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Out with the old and in with the… well, old

As COVID-19 continues to force people indoors, clothing brands are seizing upon the upcycling and recycling trend that is booming on the back of thrifty Gen Z and Millennial consumers.

Major fashion labels and outlets are launching “re-commerce” sites as a new source of revenue, as savvy younger shoppers opt to buy pre-worn items to save cash and the planet in one fell swoop. Joining the so-called circular economy, Urban Outfitters announced its forthcoming peer-to-peer marketplace last month, where consumers can buy and sell clothes of any label, due to open this Fall.

M&A or nah?

This rapidly emerging trend has already delivered some notable deals, including Etsy’s acquisition of London-based second-hand marketplace Depop in June 2021 for US$1.62 billion, and reseller ThredUp—whose IPO in March raised US$168 million—purchasing Bulgarian fashion resale business Remix Global in July.

However, not everyone is convinced there will be racks of deals. According to ThredUp, 60% of traditional retail executives plan to capitalize on re-commerce sales via partnerships with outsourced resale businesses, while just 8% say they would prefer to acquire a resale business.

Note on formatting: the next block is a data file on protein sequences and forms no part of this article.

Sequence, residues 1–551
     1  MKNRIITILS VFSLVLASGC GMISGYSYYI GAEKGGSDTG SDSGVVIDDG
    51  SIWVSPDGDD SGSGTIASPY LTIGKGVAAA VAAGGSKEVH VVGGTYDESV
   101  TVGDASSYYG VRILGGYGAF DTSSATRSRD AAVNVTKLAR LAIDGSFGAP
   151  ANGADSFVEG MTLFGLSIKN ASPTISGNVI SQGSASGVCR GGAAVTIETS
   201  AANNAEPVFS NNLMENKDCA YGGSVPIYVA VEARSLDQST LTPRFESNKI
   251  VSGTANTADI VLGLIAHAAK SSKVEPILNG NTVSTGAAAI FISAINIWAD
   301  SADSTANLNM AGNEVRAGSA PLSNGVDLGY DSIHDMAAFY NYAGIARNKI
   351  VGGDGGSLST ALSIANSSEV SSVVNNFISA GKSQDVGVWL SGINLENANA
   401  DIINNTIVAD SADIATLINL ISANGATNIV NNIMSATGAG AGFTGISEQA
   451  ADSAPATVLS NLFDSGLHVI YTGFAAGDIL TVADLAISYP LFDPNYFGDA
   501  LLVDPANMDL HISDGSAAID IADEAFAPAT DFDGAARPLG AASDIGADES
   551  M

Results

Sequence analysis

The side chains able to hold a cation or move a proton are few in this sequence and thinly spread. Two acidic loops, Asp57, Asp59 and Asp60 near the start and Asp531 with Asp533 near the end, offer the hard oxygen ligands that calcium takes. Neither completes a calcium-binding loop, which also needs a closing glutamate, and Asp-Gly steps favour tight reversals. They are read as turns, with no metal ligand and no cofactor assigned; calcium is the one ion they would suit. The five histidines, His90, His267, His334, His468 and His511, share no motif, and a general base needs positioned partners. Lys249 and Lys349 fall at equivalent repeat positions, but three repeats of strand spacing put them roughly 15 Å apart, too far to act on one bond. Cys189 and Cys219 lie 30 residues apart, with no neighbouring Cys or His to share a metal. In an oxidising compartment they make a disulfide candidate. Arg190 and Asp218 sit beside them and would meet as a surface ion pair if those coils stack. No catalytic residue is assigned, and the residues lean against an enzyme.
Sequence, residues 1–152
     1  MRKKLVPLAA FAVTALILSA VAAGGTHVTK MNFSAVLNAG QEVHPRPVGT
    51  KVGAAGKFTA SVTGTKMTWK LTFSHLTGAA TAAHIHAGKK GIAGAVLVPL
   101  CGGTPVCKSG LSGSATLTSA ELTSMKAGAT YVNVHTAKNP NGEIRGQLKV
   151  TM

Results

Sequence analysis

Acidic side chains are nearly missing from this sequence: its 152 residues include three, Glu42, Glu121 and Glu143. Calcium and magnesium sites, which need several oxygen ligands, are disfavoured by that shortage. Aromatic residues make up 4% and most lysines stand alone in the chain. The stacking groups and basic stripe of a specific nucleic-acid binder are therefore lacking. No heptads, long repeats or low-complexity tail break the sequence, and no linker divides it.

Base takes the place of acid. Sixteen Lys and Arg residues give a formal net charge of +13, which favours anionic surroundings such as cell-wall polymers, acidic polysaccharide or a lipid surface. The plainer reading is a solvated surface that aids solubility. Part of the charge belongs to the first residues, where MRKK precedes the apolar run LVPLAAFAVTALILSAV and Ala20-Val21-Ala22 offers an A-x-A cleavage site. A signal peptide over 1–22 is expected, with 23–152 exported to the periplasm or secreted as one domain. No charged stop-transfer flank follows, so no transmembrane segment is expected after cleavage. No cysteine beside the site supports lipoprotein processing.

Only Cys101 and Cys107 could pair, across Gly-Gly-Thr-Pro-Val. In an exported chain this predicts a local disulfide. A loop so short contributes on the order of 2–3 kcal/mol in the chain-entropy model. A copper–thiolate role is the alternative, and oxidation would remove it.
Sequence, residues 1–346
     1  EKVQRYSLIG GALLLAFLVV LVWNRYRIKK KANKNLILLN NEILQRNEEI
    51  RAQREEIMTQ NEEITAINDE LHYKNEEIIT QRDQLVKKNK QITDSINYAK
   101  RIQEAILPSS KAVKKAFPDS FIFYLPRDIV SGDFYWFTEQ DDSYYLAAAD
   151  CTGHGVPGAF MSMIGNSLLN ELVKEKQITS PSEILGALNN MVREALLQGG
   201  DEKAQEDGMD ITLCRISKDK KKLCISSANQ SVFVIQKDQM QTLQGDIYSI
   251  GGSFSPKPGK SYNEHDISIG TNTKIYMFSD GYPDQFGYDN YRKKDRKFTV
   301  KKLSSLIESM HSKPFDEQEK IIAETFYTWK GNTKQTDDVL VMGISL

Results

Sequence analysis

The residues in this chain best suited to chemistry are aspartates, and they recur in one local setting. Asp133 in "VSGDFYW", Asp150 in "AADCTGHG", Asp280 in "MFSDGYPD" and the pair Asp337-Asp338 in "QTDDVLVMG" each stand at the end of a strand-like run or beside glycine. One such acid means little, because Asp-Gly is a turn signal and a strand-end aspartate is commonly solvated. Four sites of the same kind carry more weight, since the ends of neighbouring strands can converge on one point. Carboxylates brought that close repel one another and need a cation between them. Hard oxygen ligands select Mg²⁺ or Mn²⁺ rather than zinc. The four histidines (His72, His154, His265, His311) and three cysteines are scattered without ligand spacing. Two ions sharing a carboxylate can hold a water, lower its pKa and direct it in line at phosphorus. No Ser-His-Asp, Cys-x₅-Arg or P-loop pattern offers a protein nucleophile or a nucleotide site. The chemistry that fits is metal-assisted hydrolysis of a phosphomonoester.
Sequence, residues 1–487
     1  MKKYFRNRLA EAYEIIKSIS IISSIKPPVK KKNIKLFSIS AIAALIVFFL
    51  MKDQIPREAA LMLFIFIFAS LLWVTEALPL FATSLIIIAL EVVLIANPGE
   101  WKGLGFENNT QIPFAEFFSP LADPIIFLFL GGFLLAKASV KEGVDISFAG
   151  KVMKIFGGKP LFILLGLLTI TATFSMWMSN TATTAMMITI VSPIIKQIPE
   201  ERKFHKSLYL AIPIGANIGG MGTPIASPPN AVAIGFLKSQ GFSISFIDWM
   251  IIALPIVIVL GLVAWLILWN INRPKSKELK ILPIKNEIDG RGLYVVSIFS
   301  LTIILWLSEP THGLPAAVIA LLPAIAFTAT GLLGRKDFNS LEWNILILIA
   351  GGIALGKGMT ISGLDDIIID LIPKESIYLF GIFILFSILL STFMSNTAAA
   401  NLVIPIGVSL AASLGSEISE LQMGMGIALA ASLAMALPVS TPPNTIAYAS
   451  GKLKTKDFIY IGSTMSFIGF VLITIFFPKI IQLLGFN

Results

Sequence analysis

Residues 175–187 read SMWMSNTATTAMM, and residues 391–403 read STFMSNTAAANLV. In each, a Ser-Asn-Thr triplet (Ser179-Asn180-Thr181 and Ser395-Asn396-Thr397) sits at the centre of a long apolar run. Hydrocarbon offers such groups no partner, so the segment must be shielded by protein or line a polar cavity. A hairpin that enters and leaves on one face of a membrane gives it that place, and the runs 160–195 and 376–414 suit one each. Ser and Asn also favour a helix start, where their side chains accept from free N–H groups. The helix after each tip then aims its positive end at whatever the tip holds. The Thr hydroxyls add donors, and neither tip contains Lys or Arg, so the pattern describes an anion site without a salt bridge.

Super-fragile-retail-logistics-needed-expeditiously

One potential reason for this aversion is the lack of logistics and processing infrastructure required to recycle clothes. This is a major obstacle for would-be acquirers, preventing them from integrating a business and rapidly scaling it up. This is where partnerships can help.

Attempting to solve the back-end logistics bottleneck are companies like California-based Trove, which has raised more than US$45 million in funding. It partnered with Patagonia in 2017 to launch its re-commerce site, Worn Wear, and it has now also partnered with Lululemon to provide resale technology and operations for the “athleisure” brand’s first re-commerce program. Levi’s has also partnered with Trove for its resale program, SecondHand.

Clearly, apparel brands will continue to pile into re-commerce. In the next five years, the resale market is projected to double to US$77 billion, according to ThredUp, and the pandemic hasn't hurt their business either. Last year, 33 million consumers bought secondhand apparel for the first time and 76% of them plan to increase their spending on secondhand goods.

Whether partnerships or M&A, re-commerce is an opportunity that's simply too big for brands to miss.